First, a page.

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Potentially life-threatening emergency
Acute meningococcemia in Infant/Neonate
Other Resources UpToDate PubMed
Potentially life-threatening emergency

Acute meningococcemia in Infant/Neonate

Contributors: Craig N. Burkhart MD, Dean Morrell MD
Other Resources UpToDate PubMed


Meningococcal disease is a rapidly progressive infection caused by Neisseria meningitides, a Gram-negative diplococcus bacterium. Infection begins as a nonspecific viral-like illness that rapidly evolves (within hours) into one of two main presentations: meningitis or septicemia. Apart from epidemics, meningococcal disease occurs sporadically, most commonly during the winter months, often following outbreaks of influenza. Most cases are acquired through exposure to asymptomatic carriers via respiratory droplets. Although severe disease has a mortality approaching 50%, early recognition and aggressive management can reduce the mortality to less than 5%.

Complications of acute meningococcemia include pericarditis/myocarditis, disseminated intravascular coagulation (DIC), meningitis and permanent neurologic sequelae, septic arthritis, osteomyelitis, adrenal hemorrhage (Waterhouse-Friderichsen syndrome), gangrene, and death.

Risk factors for meningococcal disease include viral infections, smoke exposure, crowded living conditions, underlying chronic diseases, and low socioeconomic status. Infants with primary or acquired deficiencies of terminal complement components or asplenia are also at increased risk of meningococcal disease.

Related topic: Chronic Meningococcemia


A39.2 – Acute meningococcemia

186365005 – Acute meningococcemia

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Differential Diagnosis & Pitfalls

Multiple other diseases associated with vascular injury must be differentiated from meningococcal disease. Patients with congenital (clotting defects) or immune (Leukocytoclastic vasculitis) causes of purpura and ecchymoses rarely have cardiovascular compromise. The large ecchymoses of meningococcal disease also tend to be well-defined, superficial, and have overlying necrosis, whereas large ecchymoses associated with clotting factor deficiencies or trauma are usually ill-defined, subcutaneous, and are not associated with necrosis. Nonspecific Viral exanthem usually appear after a prodrome of several days, whereas patients with meningococcemia typically develop a rash in less than 24 hours of onset of an acute illness. Petechiae caused by coughing, crying, or vomiting are confined to the distribution of the superior vena cava (head, neck, and chest above the nipple line), whereas petechiae associated with meningococcemia are located over the entire torso and extremities.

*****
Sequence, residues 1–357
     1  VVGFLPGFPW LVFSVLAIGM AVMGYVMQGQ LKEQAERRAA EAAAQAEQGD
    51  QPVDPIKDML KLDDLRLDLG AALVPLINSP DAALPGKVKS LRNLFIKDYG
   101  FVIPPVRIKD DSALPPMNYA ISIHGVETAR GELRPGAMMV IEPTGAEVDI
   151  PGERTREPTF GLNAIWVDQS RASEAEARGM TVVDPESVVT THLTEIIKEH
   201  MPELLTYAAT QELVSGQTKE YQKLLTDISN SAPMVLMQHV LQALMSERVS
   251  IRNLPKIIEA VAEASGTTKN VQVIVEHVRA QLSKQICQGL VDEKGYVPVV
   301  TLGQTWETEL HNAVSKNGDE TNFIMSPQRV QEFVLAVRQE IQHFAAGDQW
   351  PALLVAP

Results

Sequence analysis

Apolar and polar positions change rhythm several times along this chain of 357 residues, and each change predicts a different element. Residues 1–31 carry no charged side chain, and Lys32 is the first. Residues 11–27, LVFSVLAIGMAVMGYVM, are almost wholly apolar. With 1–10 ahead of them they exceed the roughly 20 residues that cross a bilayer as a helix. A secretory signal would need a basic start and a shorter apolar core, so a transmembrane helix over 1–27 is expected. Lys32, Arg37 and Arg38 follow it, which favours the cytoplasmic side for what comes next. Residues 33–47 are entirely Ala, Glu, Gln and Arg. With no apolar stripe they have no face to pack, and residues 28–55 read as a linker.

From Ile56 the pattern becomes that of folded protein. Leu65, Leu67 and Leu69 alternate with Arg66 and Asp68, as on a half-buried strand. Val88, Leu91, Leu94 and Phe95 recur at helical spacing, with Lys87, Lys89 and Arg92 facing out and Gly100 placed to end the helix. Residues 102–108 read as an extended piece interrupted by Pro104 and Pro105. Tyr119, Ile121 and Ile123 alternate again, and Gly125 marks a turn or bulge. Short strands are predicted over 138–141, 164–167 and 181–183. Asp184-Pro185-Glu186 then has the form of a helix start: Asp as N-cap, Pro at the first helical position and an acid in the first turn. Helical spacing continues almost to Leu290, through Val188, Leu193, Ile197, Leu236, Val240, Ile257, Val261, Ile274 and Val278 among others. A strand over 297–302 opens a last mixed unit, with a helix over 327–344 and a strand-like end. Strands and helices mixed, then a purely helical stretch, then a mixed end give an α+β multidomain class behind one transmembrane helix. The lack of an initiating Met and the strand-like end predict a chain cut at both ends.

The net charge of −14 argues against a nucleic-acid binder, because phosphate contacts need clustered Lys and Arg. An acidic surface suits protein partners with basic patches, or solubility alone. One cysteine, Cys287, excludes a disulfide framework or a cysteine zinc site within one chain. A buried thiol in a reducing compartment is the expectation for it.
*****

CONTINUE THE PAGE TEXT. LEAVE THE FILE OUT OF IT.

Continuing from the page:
• Bacterial sepsis or meningitis (Streptococcus pneumoniae, Invasive Haemophilus influenzae infection, Staphylococcus aureus, group A streptococcus, other Gram-negative cocci or bacilli)
  • Viral illness (ie, hemorrhagic fever group, Disseminated herpes simplex virus (HSV), Varicella (VZV), Cytomegalovirus infection (CMV), Echovirus infection, Coxsackie viral infection)
  • Rickettsiae (Rocky Mountain spotted fever, Ehrlichiosis, Epidemic typhus)
  • Atypical measles
  • Disseminated fungal infection
  • Leptospirosis
  • Dengue fever
  • Early congenital syphilis
  • Brazilian purpuric fever
Autoimmune Vasculitis
  • Immunoglobulin A vasculitis (formerly Henoch-Schönlein purpura)
  • Acute hemorrhagic edema of infancy
  • Kawasaki disease
  • Leukocytoclastic vasculitis
  • Drug-induced non-palpable purpura
  • Toxic shock syndrome
  • Heparin necrosis
  • Hemolytic uremic syndrome
  • Serum sickness
  • Immune thrombocytopenic purpura
  • Protein C deficiency or Protein S deficiency
  • Petechiae caused by coughing, vomiting, or crying
  • Traumatic purpura

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Last Updated:10/02/2019
Copyright © 2024 VisualDx®. All rights reserved.
Potentially life-threatening emergency
Acute meningococcemia in Infant/Neonate
A medical illustration showing key findings of Acute meningococcemia : Altered mental state, Headache, Vomiting, Mottled configuration, Ecchymosis, Myalgia, Nuchal rigidity, High fever, WBC elevated
Clinical image of Acute meningococcemia - imageId=273564. Click to open in gallery.  caption: 'Widespread petechiae and purpura, some with deep gunmetal gray centers (signifying necrosis), on the arm.'
Widespread petechiae and purpura, some with deep gunmetal gray centers (signifying necrosis), on the arm.
Copyright © 2024 VisualDx®. All rights reserved.